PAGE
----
Virtually all types of “filter” have some delay before they get going properly, and the Noise Removal effect is no different. As you can see in the second image, this produces a very brief “fade in” type effect during the first 1 ms or so of the selection. As long as the track starts at zero amplitude (which is often the case, then there would normally be no “click” caused by this. The problem that you are probably experiencing is that the track splits do not occur at places where the amplitude is zero, so when you process the tracks (individually), there is a resulting mismatch between the end of one track and the start of the next.
What you could perhaps do is to import all tracks from one side of the album and position them end-to-end on the same Audacity track (use the Time Shift tool). Then select the entire Audacity track and apply Noise Removal to that.
The track may be re-split into separate tracks by using “Export Multiple” as described here: http://manual.audacityteam.org/o/man/splitting_a_recording_into_separate_tracks.html
The quickest way to add a label to an audio clip (you will have separate audio clips in one audio track - one clip for each song), is to double click on the audio clip (selects the audio clip), then press Ctrl+B You can also add text to the label if you wish, which can then be used as the track names when you Export Multiple (Press “Enter” to close the label).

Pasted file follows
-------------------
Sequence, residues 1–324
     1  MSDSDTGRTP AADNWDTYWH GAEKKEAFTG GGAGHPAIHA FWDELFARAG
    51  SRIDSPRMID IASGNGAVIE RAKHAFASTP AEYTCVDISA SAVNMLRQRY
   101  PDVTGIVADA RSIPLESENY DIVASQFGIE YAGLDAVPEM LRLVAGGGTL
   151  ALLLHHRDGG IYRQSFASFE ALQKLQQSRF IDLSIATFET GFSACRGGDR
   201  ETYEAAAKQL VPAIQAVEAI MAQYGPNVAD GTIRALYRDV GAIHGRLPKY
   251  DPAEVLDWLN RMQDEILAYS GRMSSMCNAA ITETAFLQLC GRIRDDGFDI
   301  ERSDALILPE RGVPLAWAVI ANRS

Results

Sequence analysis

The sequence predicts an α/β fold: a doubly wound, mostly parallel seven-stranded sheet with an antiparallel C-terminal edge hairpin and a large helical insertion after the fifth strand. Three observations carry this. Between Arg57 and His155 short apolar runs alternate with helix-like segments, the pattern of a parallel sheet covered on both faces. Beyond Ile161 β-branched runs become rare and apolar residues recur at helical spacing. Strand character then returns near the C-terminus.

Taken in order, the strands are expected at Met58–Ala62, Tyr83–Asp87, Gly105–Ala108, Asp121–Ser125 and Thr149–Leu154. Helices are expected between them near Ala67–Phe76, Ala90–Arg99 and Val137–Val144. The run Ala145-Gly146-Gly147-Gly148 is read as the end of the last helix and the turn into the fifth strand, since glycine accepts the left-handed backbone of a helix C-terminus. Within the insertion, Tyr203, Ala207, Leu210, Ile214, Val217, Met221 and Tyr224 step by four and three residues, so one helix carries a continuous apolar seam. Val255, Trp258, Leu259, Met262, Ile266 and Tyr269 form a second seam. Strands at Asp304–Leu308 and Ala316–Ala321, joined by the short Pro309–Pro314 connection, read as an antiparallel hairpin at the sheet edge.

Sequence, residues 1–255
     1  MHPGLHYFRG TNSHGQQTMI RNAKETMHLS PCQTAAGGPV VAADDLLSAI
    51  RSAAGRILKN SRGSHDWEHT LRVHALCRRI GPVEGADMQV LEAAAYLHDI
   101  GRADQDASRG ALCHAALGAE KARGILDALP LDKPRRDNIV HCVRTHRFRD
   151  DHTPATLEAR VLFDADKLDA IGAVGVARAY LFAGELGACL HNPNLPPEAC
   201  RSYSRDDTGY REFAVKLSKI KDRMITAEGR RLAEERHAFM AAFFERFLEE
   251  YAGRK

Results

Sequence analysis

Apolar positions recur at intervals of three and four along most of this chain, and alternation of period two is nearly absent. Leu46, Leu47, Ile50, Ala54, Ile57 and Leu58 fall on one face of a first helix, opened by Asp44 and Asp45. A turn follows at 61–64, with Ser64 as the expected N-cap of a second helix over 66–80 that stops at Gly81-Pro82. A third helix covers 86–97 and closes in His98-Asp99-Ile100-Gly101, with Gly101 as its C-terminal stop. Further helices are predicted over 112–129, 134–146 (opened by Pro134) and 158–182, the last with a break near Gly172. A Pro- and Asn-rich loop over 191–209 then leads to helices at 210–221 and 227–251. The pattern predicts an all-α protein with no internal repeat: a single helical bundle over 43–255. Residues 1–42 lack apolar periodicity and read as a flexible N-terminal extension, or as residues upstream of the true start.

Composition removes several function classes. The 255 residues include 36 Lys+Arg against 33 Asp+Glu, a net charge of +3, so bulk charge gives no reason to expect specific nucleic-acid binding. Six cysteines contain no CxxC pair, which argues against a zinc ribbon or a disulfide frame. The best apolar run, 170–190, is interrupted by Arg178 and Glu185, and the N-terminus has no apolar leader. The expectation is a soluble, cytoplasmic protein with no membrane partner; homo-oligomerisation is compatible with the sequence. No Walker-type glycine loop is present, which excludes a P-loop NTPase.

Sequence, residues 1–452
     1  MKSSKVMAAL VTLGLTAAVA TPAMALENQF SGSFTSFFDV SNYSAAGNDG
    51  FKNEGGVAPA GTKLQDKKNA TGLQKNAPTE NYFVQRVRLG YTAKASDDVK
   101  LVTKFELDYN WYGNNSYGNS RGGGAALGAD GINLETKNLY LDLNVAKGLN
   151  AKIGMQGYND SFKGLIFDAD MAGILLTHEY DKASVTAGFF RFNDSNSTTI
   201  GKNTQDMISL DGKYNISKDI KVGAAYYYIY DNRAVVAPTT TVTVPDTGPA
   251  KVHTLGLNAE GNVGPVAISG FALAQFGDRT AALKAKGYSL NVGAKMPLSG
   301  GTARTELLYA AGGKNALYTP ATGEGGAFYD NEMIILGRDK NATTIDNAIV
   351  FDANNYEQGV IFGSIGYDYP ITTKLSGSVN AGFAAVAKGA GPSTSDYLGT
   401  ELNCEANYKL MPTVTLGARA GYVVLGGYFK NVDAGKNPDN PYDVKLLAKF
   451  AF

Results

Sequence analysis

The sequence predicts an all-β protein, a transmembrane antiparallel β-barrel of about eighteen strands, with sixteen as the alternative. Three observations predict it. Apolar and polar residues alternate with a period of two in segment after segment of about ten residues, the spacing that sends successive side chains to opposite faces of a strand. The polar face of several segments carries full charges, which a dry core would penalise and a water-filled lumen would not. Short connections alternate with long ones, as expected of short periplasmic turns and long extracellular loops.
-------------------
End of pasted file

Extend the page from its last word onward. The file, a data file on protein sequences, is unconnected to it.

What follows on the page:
Rather than doing that you may want to uses a (free) tool like CDex to rip the CD - it has a setting whereby you can rip the whole CD as one track i.e. one .WAV file. Then just import that .WAV file into Audacity for editing.
As far as I know EAC (Exact Audio Copy - also free) can be set to do this too.
Both excellent ideas. It works great when you join the tracks, remove the noise, then split them up again. One of those rippers also sounds like something I might give a try.
I’m really glad to get this issue resolved, thanks a million to you both.
Okay, so I’ve aligned them into one track. Is there any automatic way to add labels at the black markers or does it have to be done manually? Thanks.
Double click on the track at about 1:30
Double click on the track at about 3:30
Double click on the track at about 5:00
Double click on the track at about 8:00
Double click on the track at about 10:00
Double click on the track at about 12:00
Double click on the track at about 16:00
It should be quicker to do than for me to type
I got it. I think I made every mistake possible but next time it’ll be a lot easier.
The end result is really good so it was worth it. I’ve been wanting to learn how to do that for awhile now. Thanks again for the instructions.
I guess what you really need, to make the job really easy, are two feature:
- Import clips end-to-end in the same track (a popular request in one form or another).
- A command to “Label Clips”.
Yeah that would make it a lot easier. Hopefully I won’t have to do it on a whole album again. I got broken in on album that just happened to have 30 tracks.
We have a feature request on the wiki for:
Import Appended: > (39 votes) Import multiple files end-to-end in a single track. Would allow re-assembly/re-processing of LP/tape recordings for which no Audacity project exists. Also allows to import multiple tracks for CD assembly
- with labels containing their filenames
I’ve added your votes for these features, and added a comment:
If not labeled, it will be important for many use cases that the imported files remain as separate audio clips.